Migration and globalization always had and will have a special effect on literature. Contemporary literature deals (apart from a reflection of migration processes from former colonies) more and more with a description of the consequences of migration processes as results from global conflicts and economical developments. Globalization which splits the world apart into poor and rich areas has become a literary matter, deeply established in todays novel (see Brick Lane (2003) by Monica Ali, Nadeem Aslam`s Maps for Lost Lovers (2004), Zahid Hussain The Curry Mile (2006), The Reluctant Fundamentalist (2007) by Hamid Mohsin, Guantanamo Boy (2009) by Anna Perera or Tahmima Anam’s The Good Muslim (2011).
 A concise sociological survey on the term migration is given by Pries (2001). Pries not only offers a profound presentation of the term migration and the several theoretical approaches to it he also constantly stresses its outstanding role for the modern, globalized world. Pries, like Held et al. (1999) is convinced that international migration processes shape new political and social realities because in the course of emigration to and immigration into other countries a mixture of two countries will be the result (Pries, 2001: 12ff.; 37ff.; 49).
 For the catchphrases migration and migratory see Angenendt (2009). Angenendt provides a profound survey on this matter. He defines globalization as a growing international, economical, political and cultural connection and as a modern version of the traditional exchange trade. He says: “Weitgehende Einigkeit besteht aber über die Disziplingrenzen hinweg, dass die als Globalisierung bezeichneten Zusammenhänge keine neuen Erscheinungen sind, sondern dass es um die Folgen des arbeitsteiligen Wirtschaftens geht, dass schon seit jeher mit Tausch und Handel verbunden war“ (ibd.: 38). Brosch/ Kunow (2005) have pointed out the importance of intercultural communication in times of economical and cultural globalization. Both stress the key position of the new and open form of communication from the sociological point of view. For them modern man`s mobility has brought about the end of the “romance of nation and narration” (ibid.: 3). Clark (1997) in this context talks about a “global culture” and a “global consciousness” (ibid.: 23). The effects of globalization are dramatic because one result is some form of “Marktfundamentalismus” (Loomba 2005: 218) which is responsible for a dissolution of national, cultural, geographic and religious borders because it preaches the gospel of economic growth.
 Migration in the classical and modern sense causes an instability in human beings because their local, regional and national frameworks are destroyed. This has a vast influence on literature (Appadurai, 2002: 174).
 Taylor (2010) also talks about a difference of migration based on the wish to find work and the need to escape, she yet focuses it on people from the Third World. For her people in the West, the USA or other rich countries also migrate yet for different reasons such as an appropriate lifestyle (ibid., 2010: 1).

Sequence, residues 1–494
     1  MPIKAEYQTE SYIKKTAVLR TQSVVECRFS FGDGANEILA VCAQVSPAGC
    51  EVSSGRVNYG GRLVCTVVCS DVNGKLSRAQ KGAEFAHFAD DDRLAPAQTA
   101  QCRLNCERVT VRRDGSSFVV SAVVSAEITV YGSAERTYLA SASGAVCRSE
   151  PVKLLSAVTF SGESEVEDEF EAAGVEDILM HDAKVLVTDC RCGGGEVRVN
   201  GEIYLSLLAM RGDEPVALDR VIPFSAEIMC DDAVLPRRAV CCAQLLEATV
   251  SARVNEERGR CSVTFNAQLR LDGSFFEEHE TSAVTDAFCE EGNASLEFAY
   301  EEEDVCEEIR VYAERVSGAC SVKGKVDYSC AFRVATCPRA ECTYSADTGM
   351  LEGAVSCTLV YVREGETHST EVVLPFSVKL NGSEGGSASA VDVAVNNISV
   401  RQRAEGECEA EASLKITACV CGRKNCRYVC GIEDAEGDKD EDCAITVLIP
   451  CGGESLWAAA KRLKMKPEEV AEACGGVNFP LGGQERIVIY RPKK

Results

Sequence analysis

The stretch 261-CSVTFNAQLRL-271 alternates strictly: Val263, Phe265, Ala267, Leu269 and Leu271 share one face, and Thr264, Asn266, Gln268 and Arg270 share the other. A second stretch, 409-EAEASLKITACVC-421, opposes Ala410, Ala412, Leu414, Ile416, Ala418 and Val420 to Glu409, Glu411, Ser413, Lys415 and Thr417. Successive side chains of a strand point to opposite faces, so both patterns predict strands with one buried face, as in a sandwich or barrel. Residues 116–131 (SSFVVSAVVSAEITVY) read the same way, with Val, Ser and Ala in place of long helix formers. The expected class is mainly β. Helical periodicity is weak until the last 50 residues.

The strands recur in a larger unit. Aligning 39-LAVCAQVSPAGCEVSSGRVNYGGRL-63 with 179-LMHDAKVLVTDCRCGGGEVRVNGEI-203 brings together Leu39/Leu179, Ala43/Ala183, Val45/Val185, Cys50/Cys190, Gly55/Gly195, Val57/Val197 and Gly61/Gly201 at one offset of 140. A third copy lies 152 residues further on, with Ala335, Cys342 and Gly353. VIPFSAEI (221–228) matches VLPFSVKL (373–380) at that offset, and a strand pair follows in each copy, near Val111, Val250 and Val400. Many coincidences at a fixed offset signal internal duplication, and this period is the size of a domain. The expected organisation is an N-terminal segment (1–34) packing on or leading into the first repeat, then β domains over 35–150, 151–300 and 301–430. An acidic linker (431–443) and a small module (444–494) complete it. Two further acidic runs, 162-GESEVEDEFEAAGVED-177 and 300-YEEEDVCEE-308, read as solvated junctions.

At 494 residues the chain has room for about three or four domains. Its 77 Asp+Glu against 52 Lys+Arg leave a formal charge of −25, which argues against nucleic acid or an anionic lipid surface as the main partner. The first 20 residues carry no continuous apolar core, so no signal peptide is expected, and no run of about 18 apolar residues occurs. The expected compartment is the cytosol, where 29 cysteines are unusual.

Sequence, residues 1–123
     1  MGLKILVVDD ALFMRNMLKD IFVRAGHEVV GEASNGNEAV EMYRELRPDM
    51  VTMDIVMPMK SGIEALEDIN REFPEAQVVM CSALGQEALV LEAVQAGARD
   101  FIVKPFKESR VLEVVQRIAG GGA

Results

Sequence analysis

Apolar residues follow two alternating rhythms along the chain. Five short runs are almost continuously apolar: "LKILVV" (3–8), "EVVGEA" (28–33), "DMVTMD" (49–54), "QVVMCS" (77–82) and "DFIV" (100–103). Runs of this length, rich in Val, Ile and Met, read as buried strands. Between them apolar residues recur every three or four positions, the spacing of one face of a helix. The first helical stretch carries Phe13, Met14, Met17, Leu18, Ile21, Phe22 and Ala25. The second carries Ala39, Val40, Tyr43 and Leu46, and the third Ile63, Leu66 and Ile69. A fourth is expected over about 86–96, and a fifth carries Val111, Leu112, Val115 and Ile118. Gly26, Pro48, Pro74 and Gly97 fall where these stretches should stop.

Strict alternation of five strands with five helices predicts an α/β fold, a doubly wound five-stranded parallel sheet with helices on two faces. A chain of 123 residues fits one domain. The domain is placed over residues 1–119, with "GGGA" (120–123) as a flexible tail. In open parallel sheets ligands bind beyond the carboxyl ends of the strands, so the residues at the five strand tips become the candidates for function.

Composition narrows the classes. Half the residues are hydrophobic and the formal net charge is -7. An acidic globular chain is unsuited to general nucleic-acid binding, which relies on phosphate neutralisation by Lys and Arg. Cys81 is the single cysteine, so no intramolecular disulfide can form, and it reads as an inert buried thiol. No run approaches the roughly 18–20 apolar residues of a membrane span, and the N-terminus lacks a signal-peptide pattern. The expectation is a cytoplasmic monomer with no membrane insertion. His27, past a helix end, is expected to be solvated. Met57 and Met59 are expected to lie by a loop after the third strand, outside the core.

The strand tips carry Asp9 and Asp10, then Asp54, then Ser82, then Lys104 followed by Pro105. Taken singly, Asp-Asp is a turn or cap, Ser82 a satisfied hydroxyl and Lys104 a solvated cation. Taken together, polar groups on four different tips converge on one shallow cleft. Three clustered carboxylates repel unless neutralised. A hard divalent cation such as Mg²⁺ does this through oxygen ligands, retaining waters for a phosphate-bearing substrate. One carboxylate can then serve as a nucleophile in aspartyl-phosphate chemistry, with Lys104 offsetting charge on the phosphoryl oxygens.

This includes the breaking away of women from traditional male structures (Treibel, 2009: 103-123).
 See International Organization for Migration, 2008 World Migration, IOM World Migration Series, Vol. Commission on International Migration, Geneva 2006; also see Angenendt, 2009: 40/41.
 Scientists here differ between push and pull factors. Push factors are e. g. economic need, hunger, war or ecological disasters. Pull factors are attractive elements such as a liberal politics of asylum or the economic strength of a country (Galtung, 2009: 11).
 It is striking to see that this development has been neglected although its importance is undoubted. Lehmann (2005) clearly states:
“Das Thema Migration wurde in den letzten Jahren und Jahrhunderten mit vielerlei Problemen und Fragen in Verbindung gebracht, nicht aber, oder jedenfalls nur höchst selten, mit dem Thema Religion” (ibid.: 1).
Also see Robinson (1996). Some scientists see a connection between globalization and fundamentally oriented groups. These religious movements are partly seen to be responsible for political crises, open violence or economic insecurity. Two of their most striking characteristics are their apocalyptic character and their dualistic concept of the world.
 Angenendt (2009) sees a connection between Islam and its threat to national states (ibid.: 4). Roy (2010a) uses this idea and also stresses the connection between migration, globalization and religion (ibid: 225-226). For him globalization processes are not only responsible for the return of religion they are also the reason for the massive changes taking place in many societies around the globe. In this context he talks about “Akkulturation” and “Dekulturation” (ibid.: 209) which are responsible for a permanent separation of religions from territory, state and society. For him religious fundamentalism is also the best adapted form of religion in todays world because it accepts its separation from traditional culture and follows the right of university from this (ibid: 24). On this matter also see Scheffer (29.01.2000; Davie 2007; Sarrazin 2010; Berger 2010).
 Joppke (1999) differs between three types of immigration: - a restricted and tolerated form of immigration - an immigration which is wanted - an immigration which is not wanted (ibid.: 19-21)
 For a closer analysis of the term ´ civis Britannicus sum` see Hansen, 2000: 250/251.
 Trade unions did not play a central role in this discussion. Even the Ministry of Employment which could have promoted a controlled form of immigration in times of full employment turned out to be a hardliner against immigration to England. For the role of the trade unions and the role of the ministries during that period see Castles/ Kosack (1973); Bleich (1999).